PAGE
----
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  • Ivan Chivington

Ready Player One - Kilbourne eSports

Worthington Kilbourne has a variety of clubs that allow the student body to get involved in unique experiences and join in on a community of similar interest. One of the school’s most underappreciated extracurriculars is its Gaming Club and more specifically, the school’s eSports scene, which is ran and coached by Gavin Meeks.

“Gaming Club pre-dated eSports by about 5 years at [Kilbourne]. A group of kids wanted to start a gaming club, so we did. They played electronic games, board games, and card games. eSports started in 2020. A student brought the idea to the administration and they brought it to me.” says Meeks. Kilbourne offers eager young gamers to take a stand in state eSports, playing video games on a competitive level.

Ohio eSports, which has seasons during the fall and spring, is associated with over 100 schools in Ohio, including Kilbourne. The school provides a variety of competitive video games including, but not limited to, Super Smash Bros. Ultimate, Valorant, and Overwatch 2. Starting this year, Kilbourne even added Mario Kart 8 to the possible lineup. Different games are available at different schools. “I don’t recommend any games more than others. They all are and it is up to the person what they like and want to compete in.”

Its homebase, located in Room 238, (closed during school hours) is the perfect space for invested gamers to practice and compete in, with a set of gaming computers surrounding the back walls and a couch space for console gaming. All in all, the space is cozy and comfortable, with clicks and button presses adding to the atmosphere. Players will be shooting down enemies on one side of the room while racing to the finish on the other. While it’s relatively small and compact, there’s still enough space for teams to meet and play together.

Students dedicate at least one day a week to practice and compete against other students all across the state, online, while in their home base. The stakes of the games and standards for players are as high as most other sports seasons. eSports has both JV and Varsity levels. “A good gamer needs to be willing to put the time in at a competitive level in order to become a great eSports player. Casual gamers will not be able to compete at the levels we play. . . For eSports, you need to be able to be a good communicator with your teammates during play. You also need to be coachable.”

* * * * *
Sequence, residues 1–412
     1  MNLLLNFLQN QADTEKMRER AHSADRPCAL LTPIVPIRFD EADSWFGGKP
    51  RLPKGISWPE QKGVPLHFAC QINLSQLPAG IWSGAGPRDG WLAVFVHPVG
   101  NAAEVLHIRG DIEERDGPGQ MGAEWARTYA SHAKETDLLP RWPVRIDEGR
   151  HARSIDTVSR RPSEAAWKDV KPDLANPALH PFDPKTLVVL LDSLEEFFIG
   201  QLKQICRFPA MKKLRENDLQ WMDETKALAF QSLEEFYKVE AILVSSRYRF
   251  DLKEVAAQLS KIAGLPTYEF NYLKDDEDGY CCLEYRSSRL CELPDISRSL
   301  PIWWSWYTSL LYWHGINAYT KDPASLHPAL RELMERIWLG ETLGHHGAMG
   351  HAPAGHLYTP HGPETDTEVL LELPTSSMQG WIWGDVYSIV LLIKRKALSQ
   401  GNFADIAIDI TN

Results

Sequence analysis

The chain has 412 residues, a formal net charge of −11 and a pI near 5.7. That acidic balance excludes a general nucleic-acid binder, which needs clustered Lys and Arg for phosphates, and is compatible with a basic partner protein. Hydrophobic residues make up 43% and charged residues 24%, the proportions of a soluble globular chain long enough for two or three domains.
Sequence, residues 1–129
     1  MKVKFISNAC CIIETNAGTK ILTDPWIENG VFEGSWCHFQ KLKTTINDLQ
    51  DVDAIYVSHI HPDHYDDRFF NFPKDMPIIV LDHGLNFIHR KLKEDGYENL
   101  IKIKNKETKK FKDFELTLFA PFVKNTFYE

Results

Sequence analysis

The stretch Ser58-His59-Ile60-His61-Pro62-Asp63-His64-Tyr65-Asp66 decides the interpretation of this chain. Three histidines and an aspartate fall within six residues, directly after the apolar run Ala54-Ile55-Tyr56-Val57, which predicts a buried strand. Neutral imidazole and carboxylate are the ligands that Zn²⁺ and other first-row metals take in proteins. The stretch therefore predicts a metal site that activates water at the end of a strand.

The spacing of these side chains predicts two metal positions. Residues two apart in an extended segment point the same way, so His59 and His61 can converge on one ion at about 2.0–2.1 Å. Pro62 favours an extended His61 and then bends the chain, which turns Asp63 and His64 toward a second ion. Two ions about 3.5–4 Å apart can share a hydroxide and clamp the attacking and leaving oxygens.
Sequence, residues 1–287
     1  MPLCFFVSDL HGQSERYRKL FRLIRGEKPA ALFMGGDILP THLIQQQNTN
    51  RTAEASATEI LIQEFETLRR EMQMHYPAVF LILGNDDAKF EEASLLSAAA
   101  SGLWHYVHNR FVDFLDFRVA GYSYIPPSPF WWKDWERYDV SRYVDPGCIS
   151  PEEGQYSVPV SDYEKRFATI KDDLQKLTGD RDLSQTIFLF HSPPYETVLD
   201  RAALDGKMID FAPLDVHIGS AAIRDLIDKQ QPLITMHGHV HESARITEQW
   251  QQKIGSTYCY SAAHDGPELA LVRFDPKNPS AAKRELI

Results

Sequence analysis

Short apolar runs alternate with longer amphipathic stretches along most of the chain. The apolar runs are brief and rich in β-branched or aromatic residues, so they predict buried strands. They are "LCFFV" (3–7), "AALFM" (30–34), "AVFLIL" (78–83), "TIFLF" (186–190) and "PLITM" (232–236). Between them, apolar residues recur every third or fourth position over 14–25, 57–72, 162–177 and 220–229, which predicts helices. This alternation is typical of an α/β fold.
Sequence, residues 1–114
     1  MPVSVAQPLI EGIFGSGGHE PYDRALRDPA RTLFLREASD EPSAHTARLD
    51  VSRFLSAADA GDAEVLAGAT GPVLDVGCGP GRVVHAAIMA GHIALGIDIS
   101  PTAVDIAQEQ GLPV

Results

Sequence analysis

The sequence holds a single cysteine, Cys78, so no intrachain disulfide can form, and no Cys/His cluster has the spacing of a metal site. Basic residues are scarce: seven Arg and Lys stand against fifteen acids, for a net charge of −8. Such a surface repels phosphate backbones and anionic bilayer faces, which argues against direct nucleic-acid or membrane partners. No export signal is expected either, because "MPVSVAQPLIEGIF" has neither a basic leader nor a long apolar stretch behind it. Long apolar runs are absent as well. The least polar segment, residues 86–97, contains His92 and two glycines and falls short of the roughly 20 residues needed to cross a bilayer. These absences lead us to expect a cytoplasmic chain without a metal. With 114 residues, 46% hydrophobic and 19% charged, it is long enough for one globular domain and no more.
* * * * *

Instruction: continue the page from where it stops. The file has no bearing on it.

The end of the season culminates in an in-person tournament where each school gets the chance to fight for glory and to represent their school. Teams have the chance to earn trophies for their victories just like any other sport. “The big difference [between eSports and other sports] is we do not have a really physical activity. All the aspects of team play are basically same other than that.”

Despite the scope of eSports statewide, the interest has notably declined at Kilbourne. “Originally, when we started eSports there were over 200 students interested. We have about 25 this year. Not sure why the interest has dropped.” While membership of the club has declined, it’s clear that the community formed is still strong. “Everyone who loves playing online games should check out our program. It is a chance to represent your school and compete at a high level.” Even though interest in the program has declined, the bond of the club remains.

Photo credits - Micah Fenner


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